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How to Open a Gay Bar

Updated April 17, 2017

If you want to support the gay community, you may view opening a gay bar as an exciting endeavour. You need prepare yourself for a potentially challenging and risky process, since seven out of ten new bars close within three years. When opening a gay bar, you'll have to consider factors like which neighbourhoods have the most gay-friendly reputations and whether the surrounding area has a population large enough to make your bar profitable.

Select a location that provides you with enough customers to make a profit. The middle of a sparsely-populated, rural state generally constitutes a poor location for a gay bar. Choose a gay-friendly neighbourhood or an area with a high gay population, most likely in an urban setting. Also, decide what kind of gay bar you want to have and pick your location accordingly. You probably wouldn't want to put a large dance club in the middle of a residential neighbourhood, but a small, quiet bar might be acceptable there.

Acquire the property after you've found a location you like. You'll need to create a business plan to estimate your expected costs and to figure out how much you can afford to pay to rent or purchase the property. Unless you have very deep pockets, you'll probably need to borrow money to get your bar up and running. Contact several banks to find the best loan deal. If banks turn down your loan request, try the U.S. Small Business Association. You may want to consider recruiting additional investors, particularly individuals with an interest in the gay community.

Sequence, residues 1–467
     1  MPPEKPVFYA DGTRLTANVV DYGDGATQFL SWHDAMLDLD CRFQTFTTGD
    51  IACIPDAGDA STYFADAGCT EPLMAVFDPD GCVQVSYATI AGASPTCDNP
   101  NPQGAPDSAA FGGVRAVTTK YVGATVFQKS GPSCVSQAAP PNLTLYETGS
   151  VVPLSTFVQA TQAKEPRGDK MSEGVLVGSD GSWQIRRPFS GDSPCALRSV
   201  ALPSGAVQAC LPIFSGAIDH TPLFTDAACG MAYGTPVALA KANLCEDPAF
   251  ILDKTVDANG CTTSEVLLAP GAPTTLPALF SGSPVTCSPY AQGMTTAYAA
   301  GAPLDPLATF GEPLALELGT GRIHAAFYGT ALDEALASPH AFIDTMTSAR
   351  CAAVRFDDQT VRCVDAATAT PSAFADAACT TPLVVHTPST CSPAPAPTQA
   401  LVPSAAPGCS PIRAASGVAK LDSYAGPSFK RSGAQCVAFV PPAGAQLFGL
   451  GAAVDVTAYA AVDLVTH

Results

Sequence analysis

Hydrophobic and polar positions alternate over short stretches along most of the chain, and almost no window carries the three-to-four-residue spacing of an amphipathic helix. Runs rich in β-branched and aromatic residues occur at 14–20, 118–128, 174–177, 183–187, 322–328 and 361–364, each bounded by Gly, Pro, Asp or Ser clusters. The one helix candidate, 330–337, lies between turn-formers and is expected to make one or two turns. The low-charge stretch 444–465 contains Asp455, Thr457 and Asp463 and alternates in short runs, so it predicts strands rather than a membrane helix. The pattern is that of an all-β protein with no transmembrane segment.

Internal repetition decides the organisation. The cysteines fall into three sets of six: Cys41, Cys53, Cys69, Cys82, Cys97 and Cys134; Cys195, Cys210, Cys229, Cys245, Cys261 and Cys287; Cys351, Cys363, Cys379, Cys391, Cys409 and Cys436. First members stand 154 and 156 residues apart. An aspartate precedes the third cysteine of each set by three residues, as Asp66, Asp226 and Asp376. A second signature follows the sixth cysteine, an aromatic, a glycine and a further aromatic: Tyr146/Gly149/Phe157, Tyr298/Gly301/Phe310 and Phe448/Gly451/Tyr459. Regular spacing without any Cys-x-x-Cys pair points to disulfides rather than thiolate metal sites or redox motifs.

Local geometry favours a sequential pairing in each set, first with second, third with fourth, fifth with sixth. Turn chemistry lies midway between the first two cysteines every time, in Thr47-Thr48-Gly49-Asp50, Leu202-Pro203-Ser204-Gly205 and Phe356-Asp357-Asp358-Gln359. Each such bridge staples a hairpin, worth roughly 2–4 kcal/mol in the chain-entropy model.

Apply for the necessary licenses to sell alcoholic beverages. Consider whether you want to serve liquor, beer, wine or all three, and apply for the appropriate license for your needs. The application process and required fees vary depending on your state. Florida, for instance, has two types of liquor license based on how much of an establishment's income comes from food.

Hire the right staff for the type of establishment you have in mind. The bartenders, servers, hosts and other staff will have an impact on the clientele your bar attracts. A classy martini bar, a neighbourhood dive bar and a trendy dance club require different employees with the right look and attitude for that particular type of gay bar.

Market your business to increase your attendance and profits. Create an appealing website and research the gay organisations in your area. Most major cities have print and/or online publications that cater to gays and lesbians. Contact them to see if they might be interested in writing about your business.

Warning

Some within the gay community believe that gay bars may soon become a thing of the past as gay and lesbian individuals become more accepted in mainstream society and no longer need to patronise gay-only establishments. They suggest that entrepreneurs open bars that cater to both gay and non-gay populations in order to prosper.

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About the Author

Scott Allan is a Penn State graduate with a journalism degree and a background in news, entertainment, and travel writing. He has been writing since the mid-'90s and has been published on various websites, including eHow and Answerbag.